Two financial thought contagion papers now online

Date: Fri Feb 22 2002 - 09:37:52 GMT

  • Next message: Grant Callaghan: "Re: Two financial thought contagion papers now online"

    Received: by id JAA20003 (8.6.9/5.3[ref] for from; Fri, 22 Feb 2002 09:43:30 GMT
    From: <>
    Message-ID: <>
    Date: Fri, 22 Feb 2002 04:37:52 EST
    Subject: Two financial thought contagion papers now online
    Content-Type: text/plain; charset="US-ASCII"
    Content-Transfer-Encoding: 7bit
    X-Mailer: AOL 4.0 for Windows 95 sub 113
    Precedence: bulk

    Yesterday, I placed two financial thought contagion papers
    online. They are:

    "Thought Contagions In the Stock Market" was published in
    the Journal of Psychology and Financial Markets Volume 1,
    number 1, on March 24, 2000. (Also presented in a 1999
    conference.) Its URL is

    Thought Contagions in the Stock Market

    Aaron Lynch

    The evolutionary epidemiology of ideas, or thought contagion
    theory, is introduced and applied to possible examples in the
    stock market. It is suggested that differences in transmissivity,
    receptivity, and longevity of belief may contribute numerous
    irrational influences on the stock market, generating sources of
    inefficiency. These include a wide variety of mechanisms that
    may generate both positive and negative market overreactions.
    The soaring prices of Internet stocks during 1998-1999 are used
    as an example of how investment ideas correlating with new
    communication behaviors may affect share prices, and how
    contagion effects in general can affect the broader market. New
    avenues of empirical investigation are proposed to test the types
    of hypotheses presented.

    A separate academic article that expands on the first and discusses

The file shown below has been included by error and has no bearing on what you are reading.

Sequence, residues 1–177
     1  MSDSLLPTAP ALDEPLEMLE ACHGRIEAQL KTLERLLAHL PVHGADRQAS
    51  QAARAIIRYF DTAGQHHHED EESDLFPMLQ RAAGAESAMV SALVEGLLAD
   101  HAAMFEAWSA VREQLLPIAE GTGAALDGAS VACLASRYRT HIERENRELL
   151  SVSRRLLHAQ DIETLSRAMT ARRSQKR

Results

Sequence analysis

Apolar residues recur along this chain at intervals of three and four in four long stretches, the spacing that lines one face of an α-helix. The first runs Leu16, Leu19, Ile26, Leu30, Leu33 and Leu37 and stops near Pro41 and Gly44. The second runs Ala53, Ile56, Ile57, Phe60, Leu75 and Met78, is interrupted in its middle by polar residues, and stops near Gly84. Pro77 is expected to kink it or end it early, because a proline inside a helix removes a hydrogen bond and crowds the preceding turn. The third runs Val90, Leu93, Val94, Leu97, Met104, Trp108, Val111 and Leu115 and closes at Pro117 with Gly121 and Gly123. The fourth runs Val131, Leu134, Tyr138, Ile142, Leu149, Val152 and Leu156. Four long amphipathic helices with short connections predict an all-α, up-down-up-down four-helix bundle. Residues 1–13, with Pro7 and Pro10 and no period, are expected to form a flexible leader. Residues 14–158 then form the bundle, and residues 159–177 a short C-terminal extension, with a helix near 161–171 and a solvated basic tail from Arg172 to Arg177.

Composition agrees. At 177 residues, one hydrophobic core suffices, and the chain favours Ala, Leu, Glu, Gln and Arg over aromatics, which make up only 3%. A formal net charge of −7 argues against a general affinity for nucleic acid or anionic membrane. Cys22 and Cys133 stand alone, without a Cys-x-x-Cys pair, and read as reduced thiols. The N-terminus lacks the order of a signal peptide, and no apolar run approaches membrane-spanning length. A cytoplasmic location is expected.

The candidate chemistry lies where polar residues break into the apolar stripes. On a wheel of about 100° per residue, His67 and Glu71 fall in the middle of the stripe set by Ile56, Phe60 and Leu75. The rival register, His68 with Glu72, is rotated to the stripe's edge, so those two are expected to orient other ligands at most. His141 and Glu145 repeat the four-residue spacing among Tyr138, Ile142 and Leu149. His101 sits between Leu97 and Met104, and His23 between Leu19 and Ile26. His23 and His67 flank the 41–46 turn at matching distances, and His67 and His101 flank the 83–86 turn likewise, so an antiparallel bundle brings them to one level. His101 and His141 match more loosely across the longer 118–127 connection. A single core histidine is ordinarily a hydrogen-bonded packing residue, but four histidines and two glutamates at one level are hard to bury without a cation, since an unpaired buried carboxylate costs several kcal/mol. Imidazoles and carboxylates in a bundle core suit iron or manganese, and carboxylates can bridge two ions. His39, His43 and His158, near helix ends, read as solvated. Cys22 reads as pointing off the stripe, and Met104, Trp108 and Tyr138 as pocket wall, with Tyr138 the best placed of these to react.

some applications in general terms is published as "Thought contagion
    in the stock markets: A general framework and focus on the Internet
    bubble," in Derivatives Use, Trading and Regulation 6:4, p. 338-362
    The online version is available at

    Thought Contagion in the Stock Markets: A General Framework
    and Focus on the Internet Bubble

    Aaron Lynch

    The possibility that ideas have self-spreading aspects contributing to
    market movements is introduced, and set within a broader framework
    of the evolutionary epidemiology of ideas. A broad range of contagion
    factors are discussed, and explained in terms of transmissivity,
     receptivity, and longevity of beliefs. These factors are hypothesised
    as contributing to the prevalence of a great diversity of mass beliefs
    that can affect share prices. Distinctions are drawn between
    truth-contingent and non-truth-contingent transmission mechanisms,
    and the emergence of multi-refutation-resistant strains of belief is
    considered as a challenge to effective decision-making. All of
    these principles are applied to the 1998 to early 2000 Internet stocks
    bubble as an extended case study.

    --Aaron Lynch

    This was distributed via the memetics list associated with the
    Journal of Memetics - Evolutionary Models of Information Transmission
    For information about the journal and the list (e.g. unsubscribing)

    This archive was generated by hypermail 2b29 : Fri Feb 22 2002 - 09:53:21 GMT